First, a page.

San Diego Councilman Chris Cate is pushing a program to give veterans with disabilities a financial boost when they need to modify their homes. This pilot program would help veterans make changes to their home that allow them to get around more easily.
Cate urged the city to adopt the pilot program in a memorandum dated Oct 4. According to the memorandum, the proposed program would waive up to $1,000 in fees that come with many home modifications.
For veterans like Clarke Young, who served in the U.S. Navy during the Vietnam War, the addition of modifications are essential in keeping him and his wife out of an assistive care home and in their own. Approximately 62% of builders are currently working on modification projects, many for the elderly so that they are also able to stay in their own homes. Modifications that can enhance mobility for people of all ages include chairlifts, widened hallways and doorways, and improved plumbing and electrical.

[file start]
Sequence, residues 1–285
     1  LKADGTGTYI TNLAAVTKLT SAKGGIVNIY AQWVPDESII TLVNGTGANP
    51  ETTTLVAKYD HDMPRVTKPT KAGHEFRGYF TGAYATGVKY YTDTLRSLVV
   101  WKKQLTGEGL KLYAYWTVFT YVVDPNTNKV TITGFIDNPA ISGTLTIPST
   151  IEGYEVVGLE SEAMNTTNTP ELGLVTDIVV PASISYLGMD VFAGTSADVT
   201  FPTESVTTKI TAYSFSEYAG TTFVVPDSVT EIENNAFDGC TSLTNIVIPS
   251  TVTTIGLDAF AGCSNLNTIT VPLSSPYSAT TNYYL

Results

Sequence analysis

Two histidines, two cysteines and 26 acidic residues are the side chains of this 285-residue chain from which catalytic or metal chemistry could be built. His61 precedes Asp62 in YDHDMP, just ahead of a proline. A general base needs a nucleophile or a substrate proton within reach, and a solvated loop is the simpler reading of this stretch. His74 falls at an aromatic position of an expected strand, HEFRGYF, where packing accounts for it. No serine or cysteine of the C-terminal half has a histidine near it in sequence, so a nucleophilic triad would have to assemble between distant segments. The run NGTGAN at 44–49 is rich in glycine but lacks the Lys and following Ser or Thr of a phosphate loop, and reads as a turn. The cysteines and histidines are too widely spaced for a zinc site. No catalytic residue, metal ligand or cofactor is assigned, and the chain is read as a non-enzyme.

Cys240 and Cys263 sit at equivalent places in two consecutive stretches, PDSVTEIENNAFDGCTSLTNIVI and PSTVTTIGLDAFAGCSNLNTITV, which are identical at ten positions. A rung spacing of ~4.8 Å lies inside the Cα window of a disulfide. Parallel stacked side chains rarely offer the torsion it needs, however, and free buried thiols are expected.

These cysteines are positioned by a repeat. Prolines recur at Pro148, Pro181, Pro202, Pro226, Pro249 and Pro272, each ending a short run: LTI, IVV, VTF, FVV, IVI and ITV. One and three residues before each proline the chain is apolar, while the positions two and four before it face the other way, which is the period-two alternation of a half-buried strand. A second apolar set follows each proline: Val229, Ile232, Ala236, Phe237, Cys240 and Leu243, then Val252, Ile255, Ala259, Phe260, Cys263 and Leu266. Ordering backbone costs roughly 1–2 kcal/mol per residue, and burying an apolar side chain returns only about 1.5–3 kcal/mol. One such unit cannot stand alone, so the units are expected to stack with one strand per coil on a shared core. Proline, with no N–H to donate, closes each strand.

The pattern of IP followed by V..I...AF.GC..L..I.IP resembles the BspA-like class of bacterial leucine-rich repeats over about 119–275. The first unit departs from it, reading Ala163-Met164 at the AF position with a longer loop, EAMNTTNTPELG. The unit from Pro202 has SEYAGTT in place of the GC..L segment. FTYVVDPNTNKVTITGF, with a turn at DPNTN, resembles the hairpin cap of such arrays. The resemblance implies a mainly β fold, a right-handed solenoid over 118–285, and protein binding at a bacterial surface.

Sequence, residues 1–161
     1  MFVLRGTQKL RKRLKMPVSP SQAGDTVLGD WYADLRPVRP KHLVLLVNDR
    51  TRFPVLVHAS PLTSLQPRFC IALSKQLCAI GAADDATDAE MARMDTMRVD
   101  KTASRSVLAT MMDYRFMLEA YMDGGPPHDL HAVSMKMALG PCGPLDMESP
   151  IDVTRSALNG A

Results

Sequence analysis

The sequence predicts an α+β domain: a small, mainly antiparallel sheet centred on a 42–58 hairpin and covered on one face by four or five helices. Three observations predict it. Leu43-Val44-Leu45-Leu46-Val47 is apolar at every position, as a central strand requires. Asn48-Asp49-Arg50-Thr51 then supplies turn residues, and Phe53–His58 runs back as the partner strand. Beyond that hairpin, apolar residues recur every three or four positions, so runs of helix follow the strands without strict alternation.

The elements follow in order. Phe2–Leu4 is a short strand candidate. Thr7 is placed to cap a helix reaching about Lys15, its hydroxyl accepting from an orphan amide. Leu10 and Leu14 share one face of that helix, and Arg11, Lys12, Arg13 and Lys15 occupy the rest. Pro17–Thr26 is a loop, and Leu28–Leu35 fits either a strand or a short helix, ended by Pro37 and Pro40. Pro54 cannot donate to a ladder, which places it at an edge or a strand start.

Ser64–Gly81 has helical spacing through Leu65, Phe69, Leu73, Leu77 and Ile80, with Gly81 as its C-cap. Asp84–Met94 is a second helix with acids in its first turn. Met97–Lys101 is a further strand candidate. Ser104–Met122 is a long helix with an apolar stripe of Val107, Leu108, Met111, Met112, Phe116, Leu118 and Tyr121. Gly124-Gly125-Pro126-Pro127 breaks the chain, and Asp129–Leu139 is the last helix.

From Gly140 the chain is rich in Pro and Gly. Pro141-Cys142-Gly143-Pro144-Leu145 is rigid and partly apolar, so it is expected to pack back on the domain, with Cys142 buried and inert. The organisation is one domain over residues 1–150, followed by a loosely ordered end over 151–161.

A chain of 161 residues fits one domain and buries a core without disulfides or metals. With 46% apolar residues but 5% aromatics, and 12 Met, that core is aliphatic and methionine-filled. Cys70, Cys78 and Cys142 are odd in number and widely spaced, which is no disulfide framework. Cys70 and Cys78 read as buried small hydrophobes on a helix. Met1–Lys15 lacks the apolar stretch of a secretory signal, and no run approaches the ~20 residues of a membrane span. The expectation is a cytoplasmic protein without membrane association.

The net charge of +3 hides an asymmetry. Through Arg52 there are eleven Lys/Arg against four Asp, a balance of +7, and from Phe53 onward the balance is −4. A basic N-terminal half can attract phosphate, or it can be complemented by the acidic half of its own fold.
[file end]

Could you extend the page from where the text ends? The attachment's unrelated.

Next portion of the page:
While Young has a ramp to help his wife, who uses a wheelchair, to get into their home, the other veterans in the county could also benefit from certain modifications. If the program is approved by the City Council, it has the potential to help the 35,000 veterans with disabilities in San Diego.
Financial help has been offered in previous years. Governor of California Jerry Brown signed a law into a bill in 2017 to waive or reduce permit costs for these modifications. Cate’s program is looking to reduce costs even further by assisting with the financial burden of the actual installation.
The VA has three main grant programs that aim to assist veterans with disabilities in affording home modifications. The two grants that offer the most financial assistance are specifically for veterans who have had amputations, are blind, or have a severe burn injury. The third is slightly more open to veterans who have received a medical determination that they need home modifications, but the financial assistance is still limited.
Cate hopes to offer more widespread assistance with his program. According to a spokeswoman from his office, if approved the program will likely be put in place next summer.